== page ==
Thursday, 20 March 2008

Talk about the regional wildlife trade

Spent the end of the last workday of week listening to Chris Shepherd from TRAFFIC SEA share about a bit of his work and the effect of wildlife trade at this talk that was held at SBG. It was a full 1.5h presentation by Chris but he managed to keep me attentive for the entire session. Well done!

There was a little intro that was accompanied by pictures of many many dried geckos, semi-dissected mammals, bear paws etc. And a glimpse into the world and daily lives of the team of dedicated individuals from TRAFFIC as they do a bit of espionage in tracking down dealers of illegal trading (this part reminds me of the excitement and scariness of agents that try to bust drug trafficking, and am pretty sure many of the problems and issues they face are similar to that of illegal wildlife trade), as well as the capacity building aka training for local law enforcement units, and getting countries to strengthen their national laws on wildlife trade. Signing CITES is one thing but actually incorporation CITES guidelines and rulings into national laws and all is another....

To quickly sum things up, the main drivers aka push factors for wildlife trade are (1)medicine and superstitious beliefs, (2)the pet trade, (3)furs and skins, trophies, stuffed figures, and various other novel decorations/accessories, (4)for zoos, birdparks, and aquariums (shocking but true, some actually get the bulk of their animals through the shadier routes), (5)for mass releases.... Think I missed out some but these should be the main ones. With these in mind, it really is pretty much a fauna focused trade rather than a flora one since things that are large and move (thinkg tigers and elephants and slow loris) are way more charismatic than say a plant. Big money involved here and weighing the cons of illegal wildlife trade against those of drug trafficking, it's small wonder why so many animals and plants are still being shipped around the world in so many crazy ways. It really gets bizarre.... Especially when Chris started talking about the innovative ways traffickers hide their loot, especially when using air transport.... The tighter the security that these folks need to pass through, the more inventive they get....

What do I mean? How does hiding eggs in pantyhose that's somehow stuffed in you underwear sound? One fellow even got caught because one of the eggs hatched and the critter started making noises! Not gonna put any more examples here, so as to avoid giving people crazy ideas about how to smuggle some cute animal back from one of their overseas trips. Interesting to hear how forthcoming some of the petshop owners are when Chris goes around doing his surveys of what species are in the shops and how many etc., seems like people wanting exotic pets is pretty much run-of-the-mill for them, eh?

And how does Singapore fit into all of this? Given our strategic position in SEA (as we all get drilled about in social studies), it is not suprising that there is quite a number of shady movements of wildlife through our airport. International airport with many flights and many linkages between high demand countries like China and USA, and supplier countries in SEA. Momentary urges come at this point to join customs so as to get my hands dirty to nab these bad fellas who subject animals to crazy conditions when moving them in BULK from one country to another.... Despite my anti-affinity for reptiles of the slithering kind, seeing photos of the behind-the-scenes stuff makes my blood boil.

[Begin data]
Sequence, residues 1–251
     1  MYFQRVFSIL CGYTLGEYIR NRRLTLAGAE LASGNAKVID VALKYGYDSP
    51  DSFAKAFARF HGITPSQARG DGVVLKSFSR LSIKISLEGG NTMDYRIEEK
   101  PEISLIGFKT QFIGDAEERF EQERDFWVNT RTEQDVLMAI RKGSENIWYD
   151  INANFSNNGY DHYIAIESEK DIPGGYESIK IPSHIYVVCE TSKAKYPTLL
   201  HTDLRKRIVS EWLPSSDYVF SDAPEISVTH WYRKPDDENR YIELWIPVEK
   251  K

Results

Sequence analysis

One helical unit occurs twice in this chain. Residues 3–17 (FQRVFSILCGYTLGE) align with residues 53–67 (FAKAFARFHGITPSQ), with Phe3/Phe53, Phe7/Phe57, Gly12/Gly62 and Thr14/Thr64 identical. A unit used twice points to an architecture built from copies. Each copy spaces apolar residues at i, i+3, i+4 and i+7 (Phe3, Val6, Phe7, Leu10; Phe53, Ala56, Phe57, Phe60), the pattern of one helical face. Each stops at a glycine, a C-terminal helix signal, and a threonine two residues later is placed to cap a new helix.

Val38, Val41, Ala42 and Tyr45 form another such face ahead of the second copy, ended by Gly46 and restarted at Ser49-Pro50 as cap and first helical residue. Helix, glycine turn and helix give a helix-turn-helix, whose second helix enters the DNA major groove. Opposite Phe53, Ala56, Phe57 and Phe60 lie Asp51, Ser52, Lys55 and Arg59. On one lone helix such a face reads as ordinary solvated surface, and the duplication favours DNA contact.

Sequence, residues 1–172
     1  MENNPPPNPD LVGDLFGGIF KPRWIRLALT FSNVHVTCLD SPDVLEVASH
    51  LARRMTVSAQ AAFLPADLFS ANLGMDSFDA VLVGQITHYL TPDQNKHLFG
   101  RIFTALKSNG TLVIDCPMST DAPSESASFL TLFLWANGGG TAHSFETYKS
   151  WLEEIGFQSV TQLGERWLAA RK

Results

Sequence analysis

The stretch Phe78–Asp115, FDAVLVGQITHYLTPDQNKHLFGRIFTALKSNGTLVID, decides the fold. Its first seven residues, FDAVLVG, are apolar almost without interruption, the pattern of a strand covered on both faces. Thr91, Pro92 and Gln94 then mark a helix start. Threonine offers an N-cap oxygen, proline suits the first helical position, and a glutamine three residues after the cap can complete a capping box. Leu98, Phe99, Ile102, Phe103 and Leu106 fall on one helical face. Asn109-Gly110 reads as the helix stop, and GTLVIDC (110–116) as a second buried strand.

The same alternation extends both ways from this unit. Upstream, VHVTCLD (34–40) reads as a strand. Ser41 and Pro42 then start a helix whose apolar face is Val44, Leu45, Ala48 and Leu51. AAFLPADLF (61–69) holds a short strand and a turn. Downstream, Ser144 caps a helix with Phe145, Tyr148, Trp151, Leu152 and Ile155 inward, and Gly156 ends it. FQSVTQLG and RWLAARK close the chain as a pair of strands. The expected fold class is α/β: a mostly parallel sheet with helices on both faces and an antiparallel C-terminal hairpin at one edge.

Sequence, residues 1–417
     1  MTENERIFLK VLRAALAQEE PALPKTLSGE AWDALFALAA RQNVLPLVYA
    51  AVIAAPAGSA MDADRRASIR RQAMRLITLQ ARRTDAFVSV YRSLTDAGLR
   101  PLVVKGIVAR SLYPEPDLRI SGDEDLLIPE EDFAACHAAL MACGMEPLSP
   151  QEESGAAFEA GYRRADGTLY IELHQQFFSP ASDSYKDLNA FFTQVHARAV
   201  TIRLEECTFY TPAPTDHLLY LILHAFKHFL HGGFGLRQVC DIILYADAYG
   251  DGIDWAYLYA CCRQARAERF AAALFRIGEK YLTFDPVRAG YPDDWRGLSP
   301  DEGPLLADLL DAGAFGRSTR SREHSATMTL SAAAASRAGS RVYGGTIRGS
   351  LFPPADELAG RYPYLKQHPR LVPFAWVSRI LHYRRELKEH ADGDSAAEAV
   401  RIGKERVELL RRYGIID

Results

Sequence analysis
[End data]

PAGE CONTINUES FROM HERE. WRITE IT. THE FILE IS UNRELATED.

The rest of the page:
Besides, being ordinary people not living in the world of TV dramas, nabbing dealers is way outta our league. So what can we do as consumers? Firstly, we can reduce the demand for this poaching and trafficking of wildlife (whole, processed, or otherwise). Basics of economics, right? No demand, so no need for supply. Especially for medicinal products made from like deer, tiger, horns etc., as well as jewellery and other souvenirs made from animal parts. Secondly, when buying pets, know what you are purchasing. What species it is, is it protected under CITES, and where the petshop is getting their animals from. Doing a little more backgrounds research on your potential pet would probably do more good than harm since you also have more info on hand to *hopefully* make a better decision on whether you can manage a LONG TERM commitment of having a pet. Releasing an animal back into the "wild" (as defined by you) is likely NOT to be the best thing for you ex-pet or the animals already living in that habitat or area. Thirdly, you can spread conservation messages by sharing with family, friends, and love ones about being pro-active consumers. Do stop and spare a thought for where something comes from before going ahead with a purchase just because it is appealing at the point in time... Hopefully we can be even more creative than the dealers and traffickers in doing our part in curbing illegal wildlife trade. Remember, every little drop would help fill up a bowl, no matter how large it is!

How I wish Chris Shepherd would have talked to us while we were taking the conservation module back at NUS. Would have tied in nicely against the gloom-and-doom picture painted by our two profs by letting us know about some of the more positive changes in legislation and management of such trades... Anybody who wants to hear more about the talk and all, please feel free to IM me, visit the TRAFFIC homepage or even drop an email off to the folks at TRAFFIC.

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